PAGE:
Pontiac’s three bum legs

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Dispatches from the 148 by Fred Ryan

Pontiac’s economy has three legs: farming, forestry, and tourism.  That’s what politicians on all levels and local public servants tell us; what they don’t add is that, compared to, say, Terry Fox, Pontiac is running on not one but three artificial legs. 
No question about forestry: our once-

Dispatches from the 148 by Fred Ryan

Pontiac’s economy has three legs: farming, forestry, and tourism.  That’s what politicians on all levels and local public servants tell us; what they don’t add is that, compared to, say, Terry Fox, Pontiac is running on not one but three artificial legs. 
No question about forestry: our once-
thriving mills (paper, lumber, shingles, chips, drying/planning, etc) are closed. Who would have guessed this, thirty years ago when Pontiac hardwood forests seemed the envy of the world? 
Agriculture, too. The number of farms has been contracting, no matter the reason,
proving that there’s not a good living to be had from most of the  options open in farming. Dairy farms are the big
exception, thanks to
supply management mechanisms which match the product produced to the amount consumed, avoiding gluts. Beef seems sturdy today; it wasn’t a few years ago, and likely not in the future – beef producers have boom-and-bust, not supply-management. This doesn’t make for economic sturdiness! Cash-cropping and niche farming have yet to prove their profitability here, with our soils, heat units, growing season and distance from processors and markets. It seems unlikely that goats, hops, medicinal herbs or trout will
ever contribute in the
volumes needed to
sustain agricultural
communities.  Farming’s
getting fit for its
prosthesis; put it that way.
If Harper’s TPP secret trade deal is signed, our dairy farms will all need artificial legs. Can those legs race against producers from the southern USA, Australia, or New Zealand?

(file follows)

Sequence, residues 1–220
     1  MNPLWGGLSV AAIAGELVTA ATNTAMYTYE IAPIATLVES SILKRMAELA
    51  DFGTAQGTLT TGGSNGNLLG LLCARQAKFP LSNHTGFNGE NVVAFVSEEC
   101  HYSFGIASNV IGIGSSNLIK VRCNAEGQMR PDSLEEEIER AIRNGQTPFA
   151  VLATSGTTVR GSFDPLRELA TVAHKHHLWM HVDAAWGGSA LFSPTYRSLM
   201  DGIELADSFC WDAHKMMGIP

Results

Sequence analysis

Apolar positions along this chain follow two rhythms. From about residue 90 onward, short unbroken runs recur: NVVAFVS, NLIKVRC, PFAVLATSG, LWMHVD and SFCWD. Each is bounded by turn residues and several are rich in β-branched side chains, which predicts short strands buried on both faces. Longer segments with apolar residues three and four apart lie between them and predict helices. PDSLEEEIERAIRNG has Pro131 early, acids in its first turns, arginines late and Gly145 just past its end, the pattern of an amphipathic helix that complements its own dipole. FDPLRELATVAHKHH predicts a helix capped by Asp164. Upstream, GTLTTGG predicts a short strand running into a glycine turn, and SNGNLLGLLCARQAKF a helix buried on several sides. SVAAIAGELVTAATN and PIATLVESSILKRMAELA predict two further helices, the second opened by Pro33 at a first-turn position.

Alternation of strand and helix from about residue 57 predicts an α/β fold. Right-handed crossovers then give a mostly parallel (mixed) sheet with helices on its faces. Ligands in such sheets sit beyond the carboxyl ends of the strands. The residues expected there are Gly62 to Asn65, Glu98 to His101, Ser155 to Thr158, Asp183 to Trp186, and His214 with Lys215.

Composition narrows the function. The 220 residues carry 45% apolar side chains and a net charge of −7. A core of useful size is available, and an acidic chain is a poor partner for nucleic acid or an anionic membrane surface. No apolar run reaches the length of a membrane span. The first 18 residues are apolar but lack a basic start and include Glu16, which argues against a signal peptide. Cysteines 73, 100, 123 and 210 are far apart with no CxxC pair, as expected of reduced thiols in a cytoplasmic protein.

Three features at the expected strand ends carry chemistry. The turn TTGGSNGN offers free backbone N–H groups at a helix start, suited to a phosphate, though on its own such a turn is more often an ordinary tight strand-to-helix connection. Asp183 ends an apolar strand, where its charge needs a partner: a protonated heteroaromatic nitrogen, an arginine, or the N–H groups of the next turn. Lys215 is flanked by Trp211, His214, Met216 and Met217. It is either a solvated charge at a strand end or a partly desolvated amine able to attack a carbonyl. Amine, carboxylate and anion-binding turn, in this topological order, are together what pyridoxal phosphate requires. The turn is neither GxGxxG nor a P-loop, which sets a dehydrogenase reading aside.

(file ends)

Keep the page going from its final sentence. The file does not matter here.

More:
So that leaves tourism, including art and cultural tourism (something Montreal brags about), given
our numerous and
highly-skilled resident artists. Doesn’t tourism also merit support?  
Did it ever walk on legs in the first place? 
Tourism operators did try. There have been many entrepreneurs
who took the risks and invested in tourism in the Pontiac. Many are still here, still trying . . . but without a Niagara Falls or a Disney investor, our motels and services appear and disappear with regularity.
Pontiac’s original tourism association set up log-cabin info booths at several Pontiac entrances, local media produced magazines
and booklets, and entrepreneurs invested in improved golf facilities, restaurants, rafting and canoeing services, fishing and hunting, horse
riding, while local
government helped with a little funding – and the PPJ Trail. We still see few out-of-province license plates. More motels have been torn down than opened. Restaurants have changed hands, but not much new or novel has appeared (except
for the inspiring example of Spruceholme and
the Pontiac Conference Centre in Fort Coulonge). 
The SADC has been left with much of the heavy lifting for tourism, and it saved the day for the tourist booths when new regulations made the quaint log-cabins unsupportable.
Other legs might be retail stores and government salaries and
payments.
The government, at local levels, can’t do much to re-open lumber mills or compete with questionable (but cheap!) milk from Tennessee. Tourism is another story. Our tourist info booth (yes, one booth) is being transferred to the MRC building in Campbell’s Bay. Good, maybe.
Who will staff this,
especially on weekends and after-hours when tourists are on the road? Who will be hired to describe Pontiac’s attractions (young folks from Montreal who Google their questions)? Where will the funds come from -given the MRC’s inability to allocate funding to tourism? (Apparently there is still money for “forestry”.)
Maybe Pontiac’s three legs are not artificial.
Maybe we don’t
have legs at all.
Pontiac’s Three Missing Economic Legs
. . . how’s that for a future?